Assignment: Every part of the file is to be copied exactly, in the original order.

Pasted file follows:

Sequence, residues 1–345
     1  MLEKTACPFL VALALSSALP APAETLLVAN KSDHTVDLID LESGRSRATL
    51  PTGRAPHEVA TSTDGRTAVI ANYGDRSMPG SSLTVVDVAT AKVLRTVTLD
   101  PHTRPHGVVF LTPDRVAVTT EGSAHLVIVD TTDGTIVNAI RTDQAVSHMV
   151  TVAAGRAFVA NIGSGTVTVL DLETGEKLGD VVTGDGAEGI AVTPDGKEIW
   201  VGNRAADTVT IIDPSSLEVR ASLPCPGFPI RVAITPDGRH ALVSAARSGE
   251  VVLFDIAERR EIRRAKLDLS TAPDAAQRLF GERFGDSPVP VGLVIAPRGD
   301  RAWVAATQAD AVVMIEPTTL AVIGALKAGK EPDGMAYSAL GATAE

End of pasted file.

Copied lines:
Sequence, residues 1–345
     1  MLEKTACPFL VALALSSALP APAETLLVAN KSDHTVDLID LESGRSRATL
    51  PTGRAPHEVA TSTDGRTAVI ANYGDRSMPG SSLTVVDVAT AKVLRTVTLD
   101  PHTRPHGVVF LTPDRVAVTT EGSAHLVIVD TTDGTIVNAI RTDQAVSHMV
   151  TVAAGRAFVA NIGSGTVTVL DLETGEKLGD VVTGDGAEGI AVTPDGKEIW
   201  VGNRAADTVT IIDPSSLEVR ASLPCPGFPI RVAITPDGRH ALVSAARSGE
   251  VVLFDIAERR EIRRAKLDLS TAPDAAQRLF GERFGDSPVP VGLVIAPRGD
   301  RAWVAATQAD AVVMIEPTTL AVIGALKAGK EPDGMAYSAL GATAE